- Dry mouth
- Skin flushing
- Stomach pain
- Nausea or vomiting
- Heavy sweating
- Muscle, back, or joint aches and pains
A person who is intoxicated on Dilaudid will likely be very relaxed and sleepy. They may nod off or act like they are drunk. Too much Dilaudid can lead to an overdose, but people who abuse this drug because of addiction will develop a physical tolerance to opioids over time or they may have switched to Dilaudid abuse after developing a tolerance to Vicodin or Percocet. An opioid tolerance means the person will need to take more of the drug over time to achieve the same, original effects.
What Are the Long-Term Effects of Dilaudid Abuse?
Abusing Dilaudid for a long time can result in serious harm to the brain and body. Dilaudid especially has been found to damage hormonal production by harming the endocrine system. Too much Dilaudid is also likely to result in kidney disease and damage; while this is more likely to occur in those who have underlying problems with kidney function, it can still occur in otherwise healthy people.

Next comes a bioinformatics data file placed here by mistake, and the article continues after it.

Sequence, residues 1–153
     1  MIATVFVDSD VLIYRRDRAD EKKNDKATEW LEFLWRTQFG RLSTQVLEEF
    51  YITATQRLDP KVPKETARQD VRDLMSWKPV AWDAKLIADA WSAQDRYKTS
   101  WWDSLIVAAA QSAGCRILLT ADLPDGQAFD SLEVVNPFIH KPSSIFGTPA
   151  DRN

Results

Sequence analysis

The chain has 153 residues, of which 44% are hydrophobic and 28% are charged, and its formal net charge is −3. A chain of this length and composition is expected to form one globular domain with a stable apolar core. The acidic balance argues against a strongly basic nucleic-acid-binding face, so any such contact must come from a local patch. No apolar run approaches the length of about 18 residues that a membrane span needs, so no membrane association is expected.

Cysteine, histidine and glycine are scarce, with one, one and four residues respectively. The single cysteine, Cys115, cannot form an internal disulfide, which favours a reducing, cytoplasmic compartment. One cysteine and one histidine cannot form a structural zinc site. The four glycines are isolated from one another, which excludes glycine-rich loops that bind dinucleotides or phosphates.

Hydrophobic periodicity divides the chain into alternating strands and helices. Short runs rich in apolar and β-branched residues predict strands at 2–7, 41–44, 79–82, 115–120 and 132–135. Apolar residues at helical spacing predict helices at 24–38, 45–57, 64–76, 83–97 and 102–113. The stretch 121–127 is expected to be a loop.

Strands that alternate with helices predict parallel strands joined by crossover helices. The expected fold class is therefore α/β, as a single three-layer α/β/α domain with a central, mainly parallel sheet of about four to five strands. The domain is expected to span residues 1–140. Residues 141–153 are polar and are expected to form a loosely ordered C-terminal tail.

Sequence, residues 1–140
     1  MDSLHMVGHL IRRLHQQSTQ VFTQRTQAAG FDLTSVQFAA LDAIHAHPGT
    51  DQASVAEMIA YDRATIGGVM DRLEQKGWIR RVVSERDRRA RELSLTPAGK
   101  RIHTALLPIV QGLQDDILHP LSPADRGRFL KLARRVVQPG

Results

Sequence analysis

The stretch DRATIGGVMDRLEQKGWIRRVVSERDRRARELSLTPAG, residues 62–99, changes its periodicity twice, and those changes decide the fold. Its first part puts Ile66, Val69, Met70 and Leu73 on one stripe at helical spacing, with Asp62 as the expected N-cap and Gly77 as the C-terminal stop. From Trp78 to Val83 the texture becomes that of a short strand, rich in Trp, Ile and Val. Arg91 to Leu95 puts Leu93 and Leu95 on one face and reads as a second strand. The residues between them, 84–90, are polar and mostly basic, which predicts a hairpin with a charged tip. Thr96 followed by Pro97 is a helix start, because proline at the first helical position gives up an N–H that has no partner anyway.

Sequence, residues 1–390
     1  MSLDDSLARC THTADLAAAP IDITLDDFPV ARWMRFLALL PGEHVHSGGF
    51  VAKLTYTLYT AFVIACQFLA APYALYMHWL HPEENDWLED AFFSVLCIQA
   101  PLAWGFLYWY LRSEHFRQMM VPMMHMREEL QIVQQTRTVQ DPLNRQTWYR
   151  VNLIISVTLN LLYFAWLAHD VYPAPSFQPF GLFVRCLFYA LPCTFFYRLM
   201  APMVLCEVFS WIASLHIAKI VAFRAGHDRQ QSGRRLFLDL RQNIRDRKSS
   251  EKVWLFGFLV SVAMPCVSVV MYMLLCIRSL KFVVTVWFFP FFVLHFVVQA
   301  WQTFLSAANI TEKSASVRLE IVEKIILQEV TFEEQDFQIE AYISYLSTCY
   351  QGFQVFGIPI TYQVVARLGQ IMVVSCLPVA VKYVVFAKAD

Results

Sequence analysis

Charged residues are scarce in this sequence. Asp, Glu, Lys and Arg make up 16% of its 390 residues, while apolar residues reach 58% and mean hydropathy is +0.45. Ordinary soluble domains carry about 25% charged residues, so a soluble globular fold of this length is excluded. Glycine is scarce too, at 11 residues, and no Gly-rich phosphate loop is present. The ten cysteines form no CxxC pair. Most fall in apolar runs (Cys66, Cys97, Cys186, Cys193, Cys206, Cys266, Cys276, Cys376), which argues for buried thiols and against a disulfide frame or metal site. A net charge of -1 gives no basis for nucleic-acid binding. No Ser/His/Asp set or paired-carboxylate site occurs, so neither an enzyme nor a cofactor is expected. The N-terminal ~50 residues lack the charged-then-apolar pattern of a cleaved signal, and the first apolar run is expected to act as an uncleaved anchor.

What Are the Symptoms of Dilaudid Withdrawal?
Although Dilaudid is a potent opioid, withdrawing from the drug is not life-threatening; however, like other opioid drugs, it is important to detox with the help of medical professionals. Withdrawal symptoms associated with Dilaudid can be uncomfortable, and that discomfort may cause a person to relapse if they do not have medical intervention and social support.
- Muscle aches and joint pain
- Excessive yawning
- Watery eyes
- Runny nose
- Cold chills
- Trouble sleeping
- Nausea or vomiting
- Other stomach cramps or discomfort